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Unformatted text preview: mic terms, for
the United States, the opportunity cost of 1
unit of food is ½ unit of clothing.
The process is similar for Japan. We know
that Japan can produce either combination C
(30 units of food and 120 units of clothing)
or combination D (0 units of food and 180
units of clothing). Suppose it is producing
combination D. What are the benefits and
costs of deciding to produce combination C
398 Chapter 15 International Trade and Economic Development instead? By producing combination C, Japan
will make itself better off by 30 additional
units of food, but it will have to give up 60
units of clothing to do so. In other words, for
every 1 extra unit of food, it will have to give
up 2 units of clothing. In economic terms,
for Japan, the opportunity cost of 1 unit of
food is 2 units of clothing. Thus the opportunity cost of producing 1 unit of food (F) is
½ unit of clothing (C) for the United States
and 2 units of clothing for Japan:
Opportunity cost of 1 unit of food
United States: 1F 1⁄ 2C
Japan: 1F 2C We conclude that the United States can
produce food more cheaply than Japan. In
other words, the United States has a comparative advantage in food production.
Food, then, is what the United States should
specialize in producing. If we followed this
procedure for clothing production, we
would find that Japan could produce clothing more cheaply than the United States.
The opportunity cost of producing 1 unit of
clothing is 2 units of food for the United
States and ½ unit of food for Japan.
Opportunity cost of 1 unit of clothing
United States: 1C 2F
Japan: 1C 1⁄ 2F Therefore, Japan has a comparative advantage in clothing production. Clothing, then, is
what Japan should specialize in producing.
E X A M P L E : Country A can produce
either (1) 40X and 20Y or (2) 80X and 0Y.
Country B can produce either (1) 20X and
20Y or (2) 40X and 0Y. What is the opportunity cost of producing 1X for both countries, A and B? To find it for country A, we
realize that when it goes from producing 40X
to 80X, it ends up not producing 20Y. So,
country A gets 40 more X at the cost of 20
fewer Y. In other words, for every 2 more X it
gets, it gives up 1Y. Or, to state it differently,
for every 1 more X it gets, it gives up ½Y. In
short, the opportunity cost of 1X is ½Y.
Now let’s look at things for country B.
When it goes from producing 20X to 40X it
gives up producing 20Y. In other words, to 15 (390-427) EMC Chap 15 11/18/05 9:12 AM Page 399 To Mow, or Clean,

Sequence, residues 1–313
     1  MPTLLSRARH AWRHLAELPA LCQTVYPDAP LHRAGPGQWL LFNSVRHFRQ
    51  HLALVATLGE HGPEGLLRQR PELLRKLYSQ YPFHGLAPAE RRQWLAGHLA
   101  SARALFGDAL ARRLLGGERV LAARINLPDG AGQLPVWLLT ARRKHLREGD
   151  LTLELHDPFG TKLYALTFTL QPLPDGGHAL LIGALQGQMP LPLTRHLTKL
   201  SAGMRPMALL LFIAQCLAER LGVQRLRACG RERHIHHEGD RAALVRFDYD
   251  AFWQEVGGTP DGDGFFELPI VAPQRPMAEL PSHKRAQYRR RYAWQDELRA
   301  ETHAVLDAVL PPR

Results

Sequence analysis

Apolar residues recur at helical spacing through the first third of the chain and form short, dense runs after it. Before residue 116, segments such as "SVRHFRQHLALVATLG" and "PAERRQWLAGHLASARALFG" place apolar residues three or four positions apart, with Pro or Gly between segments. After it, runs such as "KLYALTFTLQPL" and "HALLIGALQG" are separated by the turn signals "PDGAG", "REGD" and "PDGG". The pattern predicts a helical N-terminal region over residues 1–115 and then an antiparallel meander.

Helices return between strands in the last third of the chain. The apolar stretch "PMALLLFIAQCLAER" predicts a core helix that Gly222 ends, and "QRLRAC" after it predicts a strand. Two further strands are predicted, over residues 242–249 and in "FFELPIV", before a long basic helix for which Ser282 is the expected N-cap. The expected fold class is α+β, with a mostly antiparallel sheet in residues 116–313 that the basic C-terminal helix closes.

?????????????????? F ourteen-year-old Steve and
twelve-year-old Danny are
brothers. Their father just told them
that each week they must complete
two tasks: clean their rooms and
mow the lawn. The following table
shows how many minutes it takes
each brother to do each task:
Time to clean
Danny Time to
mow lawn 100 minutes
100 minutes 60 minutes
120 minutes Although both Steve and Danny
take the same time to clean both
rooms, Danny is slower mowing the
lawn than Steve. For one, he takes a
lot more breaks when mowing the
lawn than Steve does.
Steve and Danny wonder how
they should go about doing what their father told them they need to
do. They realize they could each do
half of each task, or they could simply split the tasks and each do one.
Which is the better way to proceed?
Suppose each of the brothers
does half of each task. Steve spends
50 minutes on his half of cleaning
the rooms, and Danny spends 50
minutes, which is a total of 100
minutes to clean the rooms. Then
Steve spends 30 minutes mowing
his half of the lawn, and Danny
spends 60 minutes mowing, a total
of 90 minutes of mowing. To complete both tasks it takes 100 minutes plus 90 minutes, or 190
Now suppose that Steve only
mows the lawn (he specializes),
and Danny only cleans the rooms
(he specializes). It takes Steve 60
minutes to mow the lawn, and it
takes Danny 100 minutes to clean
the rooms, which is a total of 160
The choice is between 190 minutes or 160 minutes. To save time,
the brothers should do what each produce 20 more X, it must forfeit 20Y, or
for every 1 more X it has to give up 1Y. In
short, the opportunity cost of 1X is 1Y.
Who is the low-cost producer of X, country A or B? It is country A, because it gives
up less (½Y) to produce 1 more X. Benefits of Specialization
Suppose we look at two countries, Japan
and the United States. Currently, we assume
that each country can produce some food and has a comparative advantage in
doing, specialize in one task, and
get their duties completed 30 minutes faster, leaving them much
more time to do what they want.
ABOUT IT In many families, people have certain things
that they do and no one else does.
For example, a husband may cook
and the wife may wash the dishes;
a husband may mow the lawn and
the wife may wash the clothes. Do
you think the jobs that each family
member does are the result of comparative advantage or something
else? Explain your answer. some clothing. Here are the combinations of
the two goods that each country...
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